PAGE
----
New research from Cylance places the blame for a series of coordinated attacks against critical industries on a group of Iranian-sponsored hackers.
In a more than 80-page report, Cylance researchers state that the operation goes back more than two years, and is tied to a collection of individual contractors and a hacking team posing as a construction engineering firm in Tehran. Dubbing it ‘Operation Cleaver’, the researchers uncovered evidence of dozens of victimized organizations, from energy companies to oil, gas and telecommunications firms. Other targets include airlines, airports, government agencies and universities.
“We discovered the scope and damage of these operations during investigations of what we thought were separate cases,” said Stuart McClure, CEO of Cylance, in a statement. “Due to the choice of critical infrastructure victims and the Iranian team’s quickly improving skillset, we are compelled to publish this report. By exposing our intelligence on Cleaver, we hope the information we share can reveal the techniques and tools of this group, drawing global attention to attacks on critical infrastructure and preventing attacks which could endanger human lives.”
The attackers first went after intelligence on facilities and employees at the targeted organization, but then later were able to completely compromise systems and networks. The attackers were able to steal large swaths of data, including sensitive employee information and PDFs of network, housing, telecom and electricity diagrams.
“Perhaps the most bone-chilling evidence we collected in this campaign was the targeting and compromise of transportation networks and systems such as airlines and airports in South Korea, Saudi Arabia and Pakistan,” according to the Cylance report. “The level of access seemed ubiquitous: Active Directory domains were fully compromised, along with entire Cisco Edge switches, routers, and internal networking infrastructure. Fully compromised VPN credentials meant their entire remote access infrastructure and supply chain was under the control of the Cleaver team, allowing permanent persistence under compromised credentials. They achieved complete access to airport gates and their security control systems, potentially allowing them to spoof gate credentials. They gained access to PayPal and Go Daddy credentials allowing them to make fraudulent purchases and allowed unfettered access to the victim’s domains.”
In its report, Cylance explained that after multiple incident response engagements, researchers were able to identify a small set of IP addresses commonly used during the initial stages of the attacks. The IP address 22.214.171.124 served as a source for one of the primary attackers, who used this address when conducting SQL injections, controlling backdoors and exfiltrating information. The address also appeared in multiple software configurations recovered from staging servers over a period of time.
The IP address is owned Tarh Andishan.
“Tarh Andishan is listed as the registrant for a number of small net blocks based upon the email address tarh.andishan(at)yahoo.com,” according to the report. “The net blocks appear to rotate over time and registrant information is altered to accommodate ongoing operations and avoid potential public exposure.”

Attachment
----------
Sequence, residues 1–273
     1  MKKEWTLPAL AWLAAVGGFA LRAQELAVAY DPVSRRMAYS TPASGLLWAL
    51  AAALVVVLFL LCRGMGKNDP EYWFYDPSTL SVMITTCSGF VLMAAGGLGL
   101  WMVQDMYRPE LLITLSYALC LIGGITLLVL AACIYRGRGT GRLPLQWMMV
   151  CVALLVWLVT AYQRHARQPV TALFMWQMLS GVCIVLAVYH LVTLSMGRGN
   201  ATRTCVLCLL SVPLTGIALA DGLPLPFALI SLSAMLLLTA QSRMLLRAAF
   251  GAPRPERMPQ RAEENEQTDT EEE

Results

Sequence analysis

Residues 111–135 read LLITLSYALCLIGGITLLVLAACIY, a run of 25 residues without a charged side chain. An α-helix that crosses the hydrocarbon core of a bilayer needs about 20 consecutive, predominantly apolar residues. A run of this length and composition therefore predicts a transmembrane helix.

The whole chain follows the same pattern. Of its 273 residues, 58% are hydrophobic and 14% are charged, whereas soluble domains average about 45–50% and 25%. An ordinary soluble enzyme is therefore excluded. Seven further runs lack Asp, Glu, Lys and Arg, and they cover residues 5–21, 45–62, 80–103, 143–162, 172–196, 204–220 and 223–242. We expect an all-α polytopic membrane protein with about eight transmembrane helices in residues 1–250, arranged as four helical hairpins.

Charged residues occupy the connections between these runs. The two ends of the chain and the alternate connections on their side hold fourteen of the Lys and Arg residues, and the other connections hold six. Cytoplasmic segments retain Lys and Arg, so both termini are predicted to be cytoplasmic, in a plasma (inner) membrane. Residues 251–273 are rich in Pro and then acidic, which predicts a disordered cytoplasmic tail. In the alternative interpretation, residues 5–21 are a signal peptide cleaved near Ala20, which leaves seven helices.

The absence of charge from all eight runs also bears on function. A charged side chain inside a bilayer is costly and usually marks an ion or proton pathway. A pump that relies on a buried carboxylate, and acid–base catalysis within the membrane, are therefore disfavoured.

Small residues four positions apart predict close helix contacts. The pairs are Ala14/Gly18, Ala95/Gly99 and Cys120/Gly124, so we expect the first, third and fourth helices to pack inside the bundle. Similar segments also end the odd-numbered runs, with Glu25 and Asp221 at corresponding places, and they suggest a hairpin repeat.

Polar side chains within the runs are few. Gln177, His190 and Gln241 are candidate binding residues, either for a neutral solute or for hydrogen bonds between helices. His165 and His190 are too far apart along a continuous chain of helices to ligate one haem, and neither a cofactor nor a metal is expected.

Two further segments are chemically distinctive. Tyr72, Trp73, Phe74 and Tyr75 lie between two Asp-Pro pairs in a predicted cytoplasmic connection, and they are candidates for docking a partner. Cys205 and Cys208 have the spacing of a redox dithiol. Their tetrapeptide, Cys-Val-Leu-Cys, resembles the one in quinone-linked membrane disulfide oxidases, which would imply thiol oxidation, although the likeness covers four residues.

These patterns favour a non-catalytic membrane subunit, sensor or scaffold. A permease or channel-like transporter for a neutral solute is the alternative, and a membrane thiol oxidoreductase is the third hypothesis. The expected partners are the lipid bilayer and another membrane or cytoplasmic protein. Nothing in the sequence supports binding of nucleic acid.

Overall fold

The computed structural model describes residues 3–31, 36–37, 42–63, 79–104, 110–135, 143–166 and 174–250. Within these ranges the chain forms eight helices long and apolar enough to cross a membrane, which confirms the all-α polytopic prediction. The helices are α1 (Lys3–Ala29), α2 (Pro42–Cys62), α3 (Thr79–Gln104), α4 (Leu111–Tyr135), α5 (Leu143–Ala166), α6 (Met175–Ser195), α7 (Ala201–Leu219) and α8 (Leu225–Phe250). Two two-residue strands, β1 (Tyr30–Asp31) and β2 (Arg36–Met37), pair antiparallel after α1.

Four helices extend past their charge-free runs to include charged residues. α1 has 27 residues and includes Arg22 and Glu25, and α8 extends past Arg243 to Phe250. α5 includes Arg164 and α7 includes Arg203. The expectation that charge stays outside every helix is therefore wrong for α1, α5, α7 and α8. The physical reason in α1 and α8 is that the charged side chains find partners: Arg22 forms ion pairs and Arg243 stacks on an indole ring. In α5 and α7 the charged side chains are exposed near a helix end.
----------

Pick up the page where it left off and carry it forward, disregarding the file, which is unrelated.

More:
There are many seemingly legitimate Tarh Andishan related companies inside Tehran, but strong connections to Iranian backing have been difficult to prove definitively, the report continued.
“The net blocks…have strong associations with state-owned oil and gas companies,” according to the report. “These companies have current and former employees who are ICS experts. Tarh Andishan has been suspected in the past of launching attacks in the interest of Iran. The operators of the blog IranRedLine.org, which comments on Iran’s nuclear weapons efforts, has mentioned in multiple posts having been the target of debilitating brute-force authentication attacks from IP addresses registered to the same Tarh Andishan team found in Cleaver.”
All totaled, more than 50 organizations have been hit in the attacks, which are ongoing. The victims have been spread throughout the world, including inside the United States, England, South Korea and Israel.
The initial compromise often happened via SQL injection, spear-phishing and web attacks. To pivot throughout the network, the attackers used public exploits for MS08-067 and Windows privilege escalation bugs alongside automated, worm-like propagation mechanisms, Cylance reported. The attackers also used customized private tools with functions such as ARP poisoning, encryption, credential dumping and process enumeration.
Unlike Stuxnet, there is no evidence that has been uncovered of zero-days being used. Cylance also did not discover any direct evidence of a successful compromise of specific industrial control systems (ICS) or supervisory control and data acquisition (SCADA) networks. However, the attackers were able to compromise Microsoft Windows web servers running IIS and ColdFusion, Linux servers, Apache with PHP and many variants of Microsoft Windows desktops and servers. Compromised network infrastructure included Cisco VPNs as well as Cisco switches and routers.
According to Reuters, an Iranian official denied any government involvement in the attacks.